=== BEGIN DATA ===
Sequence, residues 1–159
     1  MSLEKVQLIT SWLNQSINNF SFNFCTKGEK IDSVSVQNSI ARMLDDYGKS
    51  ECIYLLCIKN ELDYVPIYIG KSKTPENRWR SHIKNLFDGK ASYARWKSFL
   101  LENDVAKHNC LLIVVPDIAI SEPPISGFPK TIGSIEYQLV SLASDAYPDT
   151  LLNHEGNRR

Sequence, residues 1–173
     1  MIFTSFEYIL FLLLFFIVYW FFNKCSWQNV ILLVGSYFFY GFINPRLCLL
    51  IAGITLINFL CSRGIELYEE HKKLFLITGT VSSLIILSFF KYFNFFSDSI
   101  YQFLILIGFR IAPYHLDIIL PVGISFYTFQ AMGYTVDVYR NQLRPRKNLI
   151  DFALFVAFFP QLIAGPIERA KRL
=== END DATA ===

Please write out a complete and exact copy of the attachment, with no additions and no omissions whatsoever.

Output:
Sequence, residues 1–159
     1  MSLEKVQLIT SWLNQSINNF SFNFCTKGEK IDSVSVQNSI ARMLDDYGKS
    51  ECIYLLCIKN ELDYVPIYIG KSKTPENRWR SHIKNLFDGK ASYARWKSFL
   101  LENDVAKHNC LLIVVPDIAI SEPPISGFPK TIGSIEYQLV SLASDAYPDT
   151  LLNHEGNRR

Sequence, residues 1–173
     1  MIFTSFEYIL FLLLFFIVYW FFNKCSWQNV ILLVGSYFFY GFINPRLCLL
    51  IAGITLINFL CSRGIELYEE HKKLFLITGT VSSLIILSFF KYFNFFSDSI
   101  YQFLILIGFR IAPYHLDIIL PVGISFYTFQ AMGYTVDVYR NQLRPRKNLI
   151  DFALFVAFFP QLIAGPIERA KRL